An interesting observation from four years in tech is that most orgs are absolutely dysfunctional when it comes to product. Teams don’t have autonomy and metrics to strive for, rather they’re feature factories who’s success is measured by how many epics they can pump out, irrespective of how much those epics actually contribute to the business. Products are planned out months in advance by managers rather than made and remade hundreds of times in response to user testing and feedback. Even on the technical level, most orgs and teams have to burn half their time fighting through technical debt and tangled systems to actually deliver value. I still remember working for a major bank where deploying code to production took months (not including the mandatory change review process), developers had to work on slow and buggy remote laptops and our software ran on windows server 2000s as any change to newer version would have had to go through a laborious security review. (For the non-technical, Windows 2000 is more than a decade old, is no longer supported or updated and hence has dozens of know severe vulnerabilities. Any hacker with two brain cells and a copy of metasploit can break into a windows server 2000). The core problem with the world is that most firms are dysfunctional and broken. And this is just from the highly selective sample I’ve had of large, successful companies with large tech departments and a willingness to admit that something was wrong. I assume the average level is far lower outside my bubble.
Inspired is a book which does something very important. It explains what good looks like in product. That is, what the correct way of doing product development is. It does this in a writing style akin to that of a smart 14 year old. It does it in short, bite-sized chapters that are absolutely clear. It does it without equivocating. It’s one of the best books on product development I know of and you should probably read it if the topic interests you in the slightest.
I think that roughly speaking, there are two kinds of people who will read this book and two different things you can take from it. If you work in a high-performing tech firm you’ll probably already know, at least on an intuitive level, what good looks like. In that case Inspired will not be a revelation. In fact, most of the things it talks about will seem obvious, trivially true and uninteresting. I still think it’s a useful read for a few reasons:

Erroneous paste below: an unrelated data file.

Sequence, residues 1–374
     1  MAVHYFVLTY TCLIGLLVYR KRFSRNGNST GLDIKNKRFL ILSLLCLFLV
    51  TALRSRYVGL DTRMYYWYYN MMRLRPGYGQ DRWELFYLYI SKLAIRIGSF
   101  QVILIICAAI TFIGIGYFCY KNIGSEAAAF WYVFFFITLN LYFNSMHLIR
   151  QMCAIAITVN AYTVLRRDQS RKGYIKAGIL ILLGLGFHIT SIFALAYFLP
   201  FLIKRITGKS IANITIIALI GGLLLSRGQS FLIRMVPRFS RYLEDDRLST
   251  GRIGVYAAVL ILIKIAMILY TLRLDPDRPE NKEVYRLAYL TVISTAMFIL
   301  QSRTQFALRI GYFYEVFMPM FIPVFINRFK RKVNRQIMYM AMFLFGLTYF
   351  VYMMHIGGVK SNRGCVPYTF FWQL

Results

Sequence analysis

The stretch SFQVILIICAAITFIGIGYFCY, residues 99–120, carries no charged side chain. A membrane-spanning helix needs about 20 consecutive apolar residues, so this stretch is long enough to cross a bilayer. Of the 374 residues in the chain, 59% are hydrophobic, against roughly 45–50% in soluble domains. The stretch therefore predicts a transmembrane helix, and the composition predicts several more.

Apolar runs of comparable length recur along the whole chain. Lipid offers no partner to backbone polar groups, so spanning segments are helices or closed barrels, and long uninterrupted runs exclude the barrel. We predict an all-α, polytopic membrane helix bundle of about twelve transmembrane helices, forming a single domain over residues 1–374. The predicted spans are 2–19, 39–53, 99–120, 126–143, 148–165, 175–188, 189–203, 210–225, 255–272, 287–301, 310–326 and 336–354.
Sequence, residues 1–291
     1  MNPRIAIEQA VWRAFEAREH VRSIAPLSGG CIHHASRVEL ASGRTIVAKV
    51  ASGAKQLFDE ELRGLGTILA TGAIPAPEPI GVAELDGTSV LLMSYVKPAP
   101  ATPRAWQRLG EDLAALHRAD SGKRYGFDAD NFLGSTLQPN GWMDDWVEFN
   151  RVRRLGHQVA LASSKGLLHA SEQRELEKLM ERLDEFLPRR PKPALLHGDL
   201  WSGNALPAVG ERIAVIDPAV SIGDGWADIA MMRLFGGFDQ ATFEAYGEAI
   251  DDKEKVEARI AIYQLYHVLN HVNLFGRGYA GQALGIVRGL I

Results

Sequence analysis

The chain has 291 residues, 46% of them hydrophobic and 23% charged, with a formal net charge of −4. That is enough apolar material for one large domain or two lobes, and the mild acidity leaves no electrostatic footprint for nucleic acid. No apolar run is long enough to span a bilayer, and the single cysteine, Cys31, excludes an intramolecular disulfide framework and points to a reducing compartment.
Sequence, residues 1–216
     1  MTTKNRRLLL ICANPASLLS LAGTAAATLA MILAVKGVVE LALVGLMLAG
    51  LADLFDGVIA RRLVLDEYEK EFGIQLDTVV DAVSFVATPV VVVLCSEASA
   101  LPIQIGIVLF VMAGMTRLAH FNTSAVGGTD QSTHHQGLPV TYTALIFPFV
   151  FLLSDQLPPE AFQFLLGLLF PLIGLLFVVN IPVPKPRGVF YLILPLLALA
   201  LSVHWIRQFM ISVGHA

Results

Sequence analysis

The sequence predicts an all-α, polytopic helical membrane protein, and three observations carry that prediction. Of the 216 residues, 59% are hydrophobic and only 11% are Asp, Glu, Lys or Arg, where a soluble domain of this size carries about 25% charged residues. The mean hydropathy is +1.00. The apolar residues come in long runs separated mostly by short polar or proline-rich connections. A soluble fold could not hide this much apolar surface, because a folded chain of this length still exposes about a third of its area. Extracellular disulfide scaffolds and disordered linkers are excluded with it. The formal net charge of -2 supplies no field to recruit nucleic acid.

- It will help you solidify your vague intuitions about what good looks like. You’ll go in with a rough feel for how product should function. You’ll leave with clear and precise concepts, organizational structures and processes.
- It will help you understand why things work the way they do and why alternatives are worse
- It will teach you at least a few things. Even in a high performing org, you won’t do everything well. Weather it’s product discovery, communicating product vision or any one of a number of sub-areas, chances are you’ll have a few useful takaways
On the other hand, if you haven’t worked in a high-performing org then Inspired is a glimpse into the promised land.
- It can show you what good looks like. This is always useful. It means you can help move your team or org in the right direction. It means that when you look for jobs, you can choose the right orgs to move to.
- It can show you the arguments and reasons for abandoning inefficient processes such as change boards or feature teams. Reasons you can use to help drive change at your workplace.
- It can help you understand the fundamental problems behind product (e.g: How do we know what users want?). This is important because processes, even processes that are tried and tested, do not always generalize. Businesses differ greatly and it’s important to understand the core problems of product and why the processes in the book solve them so that you can adjust those processes to your business environment or potentially come up with different, better ways of solving the same problems.
Another interesting thing is the writing style. It’s very different from most business books in a few key ways:
- It’s short and to the point. Whereas most business books have a single fairly simple core idea or gimmick they try to sell and complexify, inspired has dozens if not closer to a hundred ideas or best practices and spends no more time than necessary on each.
- It’s comprehensive. Again, many business books focus on a single technique or strategy. [[Inspired (Silicon Valley Product Group]] instead goes through pretty much every facet of product from the top level down to the nitty gritty.
- It doesn’t equivocate. Most business books are written by people who have risen through the ranks of large organizations. This creates a strong selective pressure for authors who are never too critical of others and will never specifically say "This thing that most people do is bad and wrong and a red flag" as that kind of openness and criticality is a quick career killer in most orgs. Inspired is nothing like that. Again and again good behavior and practices are contrasted to bad behavior and practices and the latter are often ruthlessly deconstructed.